Latino students, the largest minority group in Northern Virginia, are attending increasingly segregated schools, according to a report released Tuesday that examines enrollment patterns across the state over the past two decades.

Nearly four out of five Latino students were enrolled in predominantly minority schools in 2010, according to the analysis by the Civil Rights Project, based at the University of California Los Angeles. About 7 percent of those students went to schools where fewer than 10 percent of students were white and a large majority of students came from poverty.

“When we look at school enrollment today, it’s no longer a black and white story; it’s a very multiracial one,” said Genevieve Siegel-Hawley, a professor at Virginia Commonwealth University and lead author of the report. “But alongside that growing diversity, there are also persistent patterns of segregation.”

The analysis is the first in a series of 12 reports examining school segregation in Northeastern and mid-Atlantic states more than 50 years after Brown v. Board of Education made school segregation illegal.

The report maintains that “separate remains extremely unequal,” citing research that racially isolated schools are disproportionately poor, have less experienced teachers, inferior facilities, less challenging curriculum, and tend to lack a successful culture where students encourage each other to work hard or go to college.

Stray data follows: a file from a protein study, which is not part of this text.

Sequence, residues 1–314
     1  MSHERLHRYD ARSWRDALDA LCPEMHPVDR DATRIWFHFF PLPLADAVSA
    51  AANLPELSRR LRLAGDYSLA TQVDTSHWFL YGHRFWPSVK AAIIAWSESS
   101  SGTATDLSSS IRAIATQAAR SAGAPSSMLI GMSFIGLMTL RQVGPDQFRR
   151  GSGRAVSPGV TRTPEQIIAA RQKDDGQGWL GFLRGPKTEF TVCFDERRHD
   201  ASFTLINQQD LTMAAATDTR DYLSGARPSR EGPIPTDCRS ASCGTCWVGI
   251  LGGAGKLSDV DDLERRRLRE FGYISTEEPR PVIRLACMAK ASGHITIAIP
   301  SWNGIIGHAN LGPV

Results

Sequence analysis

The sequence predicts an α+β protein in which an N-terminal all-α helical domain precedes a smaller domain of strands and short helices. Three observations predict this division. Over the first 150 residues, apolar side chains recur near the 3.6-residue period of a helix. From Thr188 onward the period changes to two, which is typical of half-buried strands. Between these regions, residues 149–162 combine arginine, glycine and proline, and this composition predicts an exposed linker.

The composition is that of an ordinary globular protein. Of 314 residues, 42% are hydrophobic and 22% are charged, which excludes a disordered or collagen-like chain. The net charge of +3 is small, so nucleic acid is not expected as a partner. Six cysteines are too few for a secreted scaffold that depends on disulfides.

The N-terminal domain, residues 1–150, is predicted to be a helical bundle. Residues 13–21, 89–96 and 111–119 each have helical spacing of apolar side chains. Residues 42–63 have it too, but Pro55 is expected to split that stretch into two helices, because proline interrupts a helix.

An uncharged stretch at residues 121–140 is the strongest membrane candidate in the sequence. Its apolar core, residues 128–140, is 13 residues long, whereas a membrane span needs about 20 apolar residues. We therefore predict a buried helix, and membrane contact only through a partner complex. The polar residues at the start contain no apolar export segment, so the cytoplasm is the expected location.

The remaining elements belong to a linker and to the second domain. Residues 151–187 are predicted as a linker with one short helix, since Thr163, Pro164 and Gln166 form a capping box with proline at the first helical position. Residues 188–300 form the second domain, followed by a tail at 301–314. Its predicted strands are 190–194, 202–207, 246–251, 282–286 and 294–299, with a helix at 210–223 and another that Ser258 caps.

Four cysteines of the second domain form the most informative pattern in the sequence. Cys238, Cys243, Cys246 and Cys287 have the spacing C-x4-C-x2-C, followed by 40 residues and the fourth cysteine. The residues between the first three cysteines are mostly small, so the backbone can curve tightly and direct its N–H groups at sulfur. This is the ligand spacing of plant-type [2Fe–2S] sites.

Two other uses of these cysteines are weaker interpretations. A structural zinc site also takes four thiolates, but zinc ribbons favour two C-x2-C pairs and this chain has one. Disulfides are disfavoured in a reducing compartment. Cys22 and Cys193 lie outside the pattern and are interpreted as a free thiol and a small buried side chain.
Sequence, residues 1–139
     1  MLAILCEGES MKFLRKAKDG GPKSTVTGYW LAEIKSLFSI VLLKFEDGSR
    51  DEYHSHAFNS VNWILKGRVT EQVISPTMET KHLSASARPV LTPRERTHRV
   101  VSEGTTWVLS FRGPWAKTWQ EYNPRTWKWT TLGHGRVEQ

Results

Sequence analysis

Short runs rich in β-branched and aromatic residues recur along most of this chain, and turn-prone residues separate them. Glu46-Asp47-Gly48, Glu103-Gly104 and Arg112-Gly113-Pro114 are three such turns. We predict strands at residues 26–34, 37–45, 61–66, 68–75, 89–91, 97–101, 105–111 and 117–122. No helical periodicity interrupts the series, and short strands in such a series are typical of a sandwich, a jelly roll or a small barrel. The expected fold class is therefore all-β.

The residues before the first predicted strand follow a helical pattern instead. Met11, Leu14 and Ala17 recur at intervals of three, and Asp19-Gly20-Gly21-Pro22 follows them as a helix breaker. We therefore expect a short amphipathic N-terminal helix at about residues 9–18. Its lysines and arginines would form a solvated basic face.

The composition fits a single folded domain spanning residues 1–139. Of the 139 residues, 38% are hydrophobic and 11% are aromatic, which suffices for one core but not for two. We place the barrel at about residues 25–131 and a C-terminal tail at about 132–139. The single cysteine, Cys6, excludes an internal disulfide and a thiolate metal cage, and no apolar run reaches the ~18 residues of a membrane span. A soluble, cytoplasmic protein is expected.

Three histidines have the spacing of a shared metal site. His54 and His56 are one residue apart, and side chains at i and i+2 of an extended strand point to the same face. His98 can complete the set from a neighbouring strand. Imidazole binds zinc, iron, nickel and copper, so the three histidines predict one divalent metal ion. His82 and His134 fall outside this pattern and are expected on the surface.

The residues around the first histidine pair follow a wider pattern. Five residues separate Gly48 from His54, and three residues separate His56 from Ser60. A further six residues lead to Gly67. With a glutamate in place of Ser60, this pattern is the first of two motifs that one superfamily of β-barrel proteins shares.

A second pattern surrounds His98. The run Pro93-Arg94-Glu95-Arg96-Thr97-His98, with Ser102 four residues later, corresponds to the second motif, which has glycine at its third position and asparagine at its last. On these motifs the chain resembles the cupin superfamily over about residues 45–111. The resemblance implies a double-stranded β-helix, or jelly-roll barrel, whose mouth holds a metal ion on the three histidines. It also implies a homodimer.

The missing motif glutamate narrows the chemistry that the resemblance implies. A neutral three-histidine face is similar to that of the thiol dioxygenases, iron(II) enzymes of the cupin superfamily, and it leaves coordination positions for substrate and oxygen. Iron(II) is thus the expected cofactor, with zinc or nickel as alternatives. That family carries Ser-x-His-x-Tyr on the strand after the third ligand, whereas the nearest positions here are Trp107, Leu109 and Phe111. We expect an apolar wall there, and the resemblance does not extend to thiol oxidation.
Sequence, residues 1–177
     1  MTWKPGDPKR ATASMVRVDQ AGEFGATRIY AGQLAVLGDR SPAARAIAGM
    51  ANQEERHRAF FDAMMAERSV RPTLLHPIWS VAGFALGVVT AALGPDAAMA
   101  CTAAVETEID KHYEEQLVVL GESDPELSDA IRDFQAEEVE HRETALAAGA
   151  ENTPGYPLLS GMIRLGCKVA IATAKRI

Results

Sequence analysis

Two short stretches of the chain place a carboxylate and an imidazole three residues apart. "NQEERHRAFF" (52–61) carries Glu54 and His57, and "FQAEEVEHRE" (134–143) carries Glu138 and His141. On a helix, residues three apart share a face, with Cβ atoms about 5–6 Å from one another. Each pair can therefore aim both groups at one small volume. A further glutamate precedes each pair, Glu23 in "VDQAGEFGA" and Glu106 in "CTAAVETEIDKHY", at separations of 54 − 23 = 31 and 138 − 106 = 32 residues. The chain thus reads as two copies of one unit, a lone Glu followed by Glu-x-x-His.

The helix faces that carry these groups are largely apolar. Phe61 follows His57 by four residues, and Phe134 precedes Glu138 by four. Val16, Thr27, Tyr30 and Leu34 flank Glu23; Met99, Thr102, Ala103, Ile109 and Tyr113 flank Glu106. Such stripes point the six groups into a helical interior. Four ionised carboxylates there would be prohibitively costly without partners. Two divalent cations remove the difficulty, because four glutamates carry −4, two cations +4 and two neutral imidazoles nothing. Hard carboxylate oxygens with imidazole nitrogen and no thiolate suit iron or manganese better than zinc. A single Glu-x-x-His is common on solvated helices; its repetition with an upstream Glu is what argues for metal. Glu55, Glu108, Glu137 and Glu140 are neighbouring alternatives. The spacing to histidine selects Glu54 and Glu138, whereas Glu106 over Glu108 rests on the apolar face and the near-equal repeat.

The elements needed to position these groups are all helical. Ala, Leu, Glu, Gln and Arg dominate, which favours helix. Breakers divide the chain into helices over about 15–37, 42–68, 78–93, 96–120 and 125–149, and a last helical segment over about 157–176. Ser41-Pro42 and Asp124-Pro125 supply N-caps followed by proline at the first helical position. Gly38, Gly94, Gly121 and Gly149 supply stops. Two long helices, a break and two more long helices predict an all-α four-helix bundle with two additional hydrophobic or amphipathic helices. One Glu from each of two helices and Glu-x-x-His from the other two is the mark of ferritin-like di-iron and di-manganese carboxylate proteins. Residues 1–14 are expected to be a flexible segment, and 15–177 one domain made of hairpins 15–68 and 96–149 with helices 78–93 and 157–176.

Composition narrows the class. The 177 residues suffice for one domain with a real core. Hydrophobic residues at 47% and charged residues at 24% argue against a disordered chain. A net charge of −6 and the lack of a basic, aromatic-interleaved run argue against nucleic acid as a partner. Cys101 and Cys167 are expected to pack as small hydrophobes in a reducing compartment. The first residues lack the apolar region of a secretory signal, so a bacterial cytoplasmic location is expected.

The concentration of minority students in highly segregated schools was less severe in Northern Virginia than elsewhere in the state. As Northern Virginia has grown more diverse so have most of its schools. The portion of so-called multiracial schools or schools where three or more racial groups constituted at least 10 percent of the enrollment more than doubled from 28 percent to 60 percent.

Statewide, the portion of intensely segregated schools, those where fewer than 10 percent of students are white, grew from three to six percent between 1989 and 2010. The portion of black students who attend those schools grew from 12 to 16 percent, and the share of Latinos attending them doubled from three to six percent.

Northern Virginia was the only part of the state where the concentration of Latinos in very segregated schools was higher than that of African Americans.